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Emotions run high as Ayodhya gets ready to attain 'closure'


AYODHYA: While Ayodhya is decked up in festive 'yellow' (pitambari) to celebrate the bhoomi pujan for the Ram temple, 'closure' is an overbearing sentiment in the temple town as the D-day draws closer. With just two days to go for D-day, this sentiment transcends caste, class, social groups and even religions.

“Dhal chuki hai shama muskura le sanam, ek nayi subaha duniya mein aane ko hai..... (the candle is about to melt, just smile my beloved as a new dawn is around the horizon) ” this how Mahant Virendra, an austere, sums up the common mood of Ayodhya as soon as one enters temple town.

It has been a long wait for those yearning for the mandir. It has been a little less than a year since the Supreme Court pronounced its verdict for the construction of the temple.

The trust was formed on February 5, 2020 and it was planning for Bhoomi Pujan during Navratra in March-April 2020. However, the coronavirus creeped in to pulverize the world.  Now that the realisation has dawned that the temple construction would finally begin two days from now, Ayodhya is having a sigh of relief.

“Shubh ghadi bas apne dwar par hai. Ab prateeksha ke pal samapt hone ko hain. Bhavanayen mukhar ho rahi hain par shabd saath chhod rahe hain. Prasannata na keval Ayodhya ke har kan mein hai apitu usse sampurna rashtra aur samast vishwa ke Ram Bhakt anubhav kar rahe hain (Auspicious moments are now at our door step. The wait is about to over. Emotions are high but words are failing to express the feelings. Joy is not only in the air of Ayodhya but it is across the nation and is being felt by Ram devotees across the globe)”, says Mahant Raju Das, head priest of revered Hanumangarhi temple.

The rancour piled up after seven decades of legal battle and three decades of political one-upmanship over the ownership of 2.77 acre of land, is melting. All in while, the town was in a crossfire and caught in a time warp. Now is the time for breaking away. For both Hindus and Muslims.  Says Mohammad Ismail Ansari, member Babri Masjid Action Committee: "We have buried the past. Now, is the time to move ahead. We all want development of Ayodhya. Temple will bring a slew of development projects. The town needs them desperately. We all are ready to welcome out PM."  

It's the most emotional moment for local Hindus born before 1990s. Most are at a loss to describe it in words. Even a year ago, when asked about the temple, they would reply with characteristic sarcasm that how political parties were keeping the issue alive for electoral gains. Now that it is going to happen, they are overwhelmed. “We are fortunate to live this moment. The only regret that my father, who was part of the temple movement, could not be a part of this historic event which will herald altogether new era of positivity, development and growth. My father’s wait remained unending as he passed away last year,” says Abhisar Tiwari, a student of Saket Degree College.

As the city dons a ‘Pitambar’ (an ochre sheet), the favourite colour of Lord Ram, the songs of celebrations emanate from thousands of temples of the town. Ayodhya has over 40,000 temples. There is hardly any street or house without a temple. “This is the favourite colour of our beloved Ram. We have painted all out house in yellow,” says Amrita Shukla while decorating the front of her house with a beautiful ‘Rangoli’. Murals adorning the walls narrate the instances from Ramayana depicting the life and time of Lord Ram.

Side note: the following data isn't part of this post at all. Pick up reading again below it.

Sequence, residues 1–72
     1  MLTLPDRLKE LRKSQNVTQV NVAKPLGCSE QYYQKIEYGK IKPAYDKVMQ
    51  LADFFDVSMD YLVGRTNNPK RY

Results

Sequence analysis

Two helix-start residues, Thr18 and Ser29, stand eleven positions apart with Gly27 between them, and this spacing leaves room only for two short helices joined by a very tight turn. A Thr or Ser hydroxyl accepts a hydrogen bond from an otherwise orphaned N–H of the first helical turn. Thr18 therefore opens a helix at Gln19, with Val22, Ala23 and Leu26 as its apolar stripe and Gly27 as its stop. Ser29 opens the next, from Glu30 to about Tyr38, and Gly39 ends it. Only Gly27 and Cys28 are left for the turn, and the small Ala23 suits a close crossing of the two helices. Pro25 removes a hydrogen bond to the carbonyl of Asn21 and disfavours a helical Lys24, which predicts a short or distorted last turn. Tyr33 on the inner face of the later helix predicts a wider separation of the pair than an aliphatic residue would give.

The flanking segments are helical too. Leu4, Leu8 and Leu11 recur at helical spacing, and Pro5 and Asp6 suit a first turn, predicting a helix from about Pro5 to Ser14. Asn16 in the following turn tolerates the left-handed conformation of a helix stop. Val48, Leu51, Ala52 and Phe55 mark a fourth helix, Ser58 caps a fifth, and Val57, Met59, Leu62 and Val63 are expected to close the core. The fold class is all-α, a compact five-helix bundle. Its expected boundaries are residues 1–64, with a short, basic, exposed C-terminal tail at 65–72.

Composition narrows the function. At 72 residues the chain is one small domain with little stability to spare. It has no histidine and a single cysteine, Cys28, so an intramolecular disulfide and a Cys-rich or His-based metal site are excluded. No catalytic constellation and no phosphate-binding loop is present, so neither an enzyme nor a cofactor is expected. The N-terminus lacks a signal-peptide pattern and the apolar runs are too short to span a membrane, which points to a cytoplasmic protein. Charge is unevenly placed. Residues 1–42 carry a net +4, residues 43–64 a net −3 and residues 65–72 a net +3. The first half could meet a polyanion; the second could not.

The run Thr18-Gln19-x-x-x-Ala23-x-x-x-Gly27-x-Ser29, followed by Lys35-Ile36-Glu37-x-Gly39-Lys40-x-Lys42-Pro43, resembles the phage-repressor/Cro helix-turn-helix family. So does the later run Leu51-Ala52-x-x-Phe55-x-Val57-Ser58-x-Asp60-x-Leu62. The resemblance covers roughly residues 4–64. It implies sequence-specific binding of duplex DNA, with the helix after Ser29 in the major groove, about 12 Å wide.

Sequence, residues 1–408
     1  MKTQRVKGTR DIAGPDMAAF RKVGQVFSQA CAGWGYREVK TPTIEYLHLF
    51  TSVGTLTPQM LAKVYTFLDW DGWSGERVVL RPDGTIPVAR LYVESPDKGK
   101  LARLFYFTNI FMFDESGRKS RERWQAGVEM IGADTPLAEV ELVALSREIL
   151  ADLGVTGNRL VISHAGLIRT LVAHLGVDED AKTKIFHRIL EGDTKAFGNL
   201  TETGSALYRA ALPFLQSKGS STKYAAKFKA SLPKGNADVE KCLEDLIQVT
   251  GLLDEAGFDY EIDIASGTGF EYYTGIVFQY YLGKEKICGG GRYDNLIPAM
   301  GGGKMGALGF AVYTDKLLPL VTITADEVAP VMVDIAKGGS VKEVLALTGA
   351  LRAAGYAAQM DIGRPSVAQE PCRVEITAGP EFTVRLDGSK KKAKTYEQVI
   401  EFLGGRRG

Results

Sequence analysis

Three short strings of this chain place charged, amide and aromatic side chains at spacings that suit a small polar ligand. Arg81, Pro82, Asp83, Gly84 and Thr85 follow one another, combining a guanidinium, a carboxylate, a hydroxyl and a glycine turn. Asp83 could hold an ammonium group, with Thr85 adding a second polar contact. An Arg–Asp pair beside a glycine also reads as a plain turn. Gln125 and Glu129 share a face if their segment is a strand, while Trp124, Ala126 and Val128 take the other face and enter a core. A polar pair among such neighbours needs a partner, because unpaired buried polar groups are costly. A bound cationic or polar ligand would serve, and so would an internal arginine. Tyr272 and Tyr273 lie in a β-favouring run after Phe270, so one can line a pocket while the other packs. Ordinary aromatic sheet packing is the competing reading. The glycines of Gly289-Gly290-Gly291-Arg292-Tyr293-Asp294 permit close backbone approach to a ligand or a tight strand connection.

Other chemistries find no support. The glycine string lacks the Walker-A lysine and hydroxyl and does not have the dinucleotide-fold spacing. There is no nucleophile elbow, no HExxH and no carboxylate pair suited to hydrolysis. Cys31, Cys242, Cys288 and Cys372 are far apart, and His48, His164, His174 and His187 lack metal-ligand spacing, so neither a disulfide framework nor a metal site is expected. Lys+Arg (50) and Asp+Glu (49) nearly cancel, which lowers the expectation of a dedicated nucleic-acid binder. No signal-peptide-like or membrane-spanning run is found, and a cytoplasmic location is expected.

“Aaj Ayodhya ki har gali, har marg, har deewar prabhu ke agman ke spandan ko anubhav kar raha hai. Ayodhya utsahit hai unke swagat ke liye, unke mandir nirman ke liye .. ek swapna akaar lene ko tayyar hai (every street of Ayodhya can feel the pulse. We are ready to welcome our beloved Lord Ram. A dream is set to take shape),” says Mahant Parmahans Das of Tapasvini Chhavni. At Kanak Bhawan, as a group of women sing welcome songs in local Awadhi dialect, the coronavirus caution has been thrown to the wind. The revelries in the air have inculcated the confidence among Ayodhyaites that no virus can now harm them.

“There may be Corona. It will not be able to do any harm to any of us. We are now protected by the ‘kavach’ of our Prabhu Ram,” says Poonam Singh leading the group of women singing bhajans and dancing to the tune of tabla.

As one proceeds further, the flow of Saryu, swollen to the brink in the monsoons, seems set to be a witness to another testimony to the divine legacy of the land of Lord Ram. “It’s going to be a Diwali before Diwali this year in Ayodhya. Had coronavirus not been there, it would have been a double Diwali,” says potter Ashok Kumar in a nearby village Jaisinghpur. He has been entrusted to make 1 lakh earthen lamps before August 4.  

“The banks of Saryu will come alive with lakhs of diyas. These waves carrying diyas will dance to the divinity. We will celebrate a three-day long diwali as the dream of ages is coming true. We will recreate Treta yug,” says Chandan Gupta, shop keeper near the banks of Saryu.

 On the other side, a group of youngsters are preparing the ghat for the illuminating it with around a lakh diyas each on all three days of rituals. As one reaches the Karyashala (workshop), one finds that work of cleaning and carving the stones is going on war footing. Abuzz with hectic activity as it also houses the office of Shree Ram Janmabhoomi Teertha Kshetra Trust, marathon meetings are going on for making arrangements for the D-Day.

“We are not sleeping a bit these days and still there is no fatigue. The zeal to translate our eternal dream into reality has given us the strength to withstand this pressure,” says Neeraj Singh, with a smile and rushes for fulfil the responsibility he is entrusted with.


58 Days ago

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